What to do after someone dies — A checklist for Emergency Plan Guide readers

Candle Photo by Diego Lozano on Unsplash

Dear Friend,

What to do after someone dies has turned into one of my longest Advisories. You will discover even more that could be added.

What I’ve found is that many people – even those who consider themselves “well prepared” in life – are not prepared for what really happens when someone dies!

I have been struggling with this list since a member of my own family died early this month. The list started almost like a diary, jotted down as cryptic notes on different bits of paper at different places in the house. “Today, did this. Tomorrow, need to figure out about that.” I quickly realized, and still realize, that there is inevitably more to come. I’ve kept learning, organizing, and documenting more nearly every day.

The result? A checklist that I am confident is a valuable tool for our family. Plus, I personally am getting an added benefit: writing helps with emotional ups and downs.

I am sharing the list because I believe it will be a benefit to you, too, when someone you love dies.

How to use this checklist.

Your situation will be different from ours. What your family expects and what your state requires after a death will be different from ours. So, while I feel confident about what’s in this checklist, I offer no guarantees that it includes everything. Be ready to do more homework.

At least, with this list, you’ll have a head start.

I suggest you start by reading through the whole list. Jot down questions and the names of people who might be able to help, and then figure out which items you want to start with. I’ve divided them loosely into “right away,” “when you are ready” and “when you have all the documents you need.”  Work on pulling together the important documents all along the way.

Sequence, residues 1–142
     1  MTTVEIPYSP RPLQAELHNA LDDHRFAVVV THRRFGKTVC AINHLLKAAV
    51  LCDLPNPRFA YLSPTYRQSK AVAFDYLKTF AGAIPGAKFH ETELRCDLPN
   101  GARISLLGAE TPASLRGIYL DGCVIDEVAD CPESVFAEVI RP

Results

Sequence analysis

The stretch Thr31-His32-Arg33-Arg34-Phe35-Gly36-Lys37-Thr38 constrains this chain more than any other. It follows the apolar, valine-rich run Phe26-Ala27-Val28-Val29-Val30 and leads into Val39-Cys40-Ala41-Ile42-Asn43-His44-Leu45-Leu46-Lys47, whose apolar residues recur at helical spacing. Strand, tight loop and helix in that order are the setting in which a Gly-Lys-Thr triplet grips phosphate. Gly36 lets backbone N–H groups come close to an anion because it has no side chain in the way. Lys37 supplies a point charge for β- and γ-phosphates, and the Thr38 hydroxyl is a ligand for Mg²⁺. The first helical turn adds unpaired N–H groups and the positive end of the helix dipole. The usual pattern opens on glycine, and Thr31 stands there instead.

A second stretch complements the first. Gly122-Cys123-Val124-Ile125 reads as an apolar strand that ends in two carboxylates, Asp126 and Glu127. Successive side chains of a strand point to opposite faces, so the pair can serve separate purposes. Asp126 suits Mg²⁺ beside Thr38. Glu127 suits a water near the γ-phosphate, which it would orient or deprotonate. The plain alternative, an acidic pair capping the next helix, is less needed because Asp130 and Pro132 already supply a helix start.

As you move through the list, and begin making calls and making decisions, keep a record of who you talked to, when, and what they said. You may need to go back to them for more info or to complete the action you discussed. Don’t depend on your memory alone during this challenging time.

Start on these items right away. They may be happening simultaneously.

  1. Plan immediately for dependents and pets. You are going to be busy with many decisions; you don’t want these important family members to be overlooked or forgotten.
  2. Find the right funeral home. If you are lucky, you already know what your loved one wanted in the way of organ donation, burial, cremation, etc. If you don’t already know, check driver’s license, medical records, and the will or trust for hints.
              If the death occurred in a hospital, the hospital staff will be able to help with organ donation, paperwork and pick-up of the body. If the death occurred at home, you still have to get an official declaration of death from a medical professional. Call 911, tell them it is NOT an emergency. EMTs will transport the body to a local hospital where a doctor will sign the appropriate paperwork.
              Before the body can be released, you need to have selected a funeral home that offers the type of services you want. Most funeral homes will be knowledgeable about all the immediate paperwork requirements; helping you is part of the service they offer. Expect to come up with how you will pay them; many can take payment over time.
  3. Be sure all family members are notified. This should go without saying, but you want to get it done timely to avoid hurt feelings. There are enough emotions at issue as it is.
  4. What about YOU? You may need to take time off to handle this. Does your employer offer legal or consulting services that could be of help? Can you take bereavement leave?
  5. Find out if you have authority to deal with the deceased’s money. Don’t just jump in and start moving money around! You could be setting yourself up for legal and financial headaches. Instead, contact the deceased’s estate planning attorney (who helps set up things before a death) or a probate attorney (who helps “administer” an estate after death)to understand what you can and can’t do.
              No attorney? Look for a free or low-cost legal consultation to get things started. (I mentioned looking for help through your benefits package.) Other places to look include a local 211 referral service or the county bar association. You’ll be able to get a lot of info in a half-hour consultation if you are prepared. Be ready to describe your relationship to the deceased. Write down dates, family details, estimated total value of accounts, property owned, etc.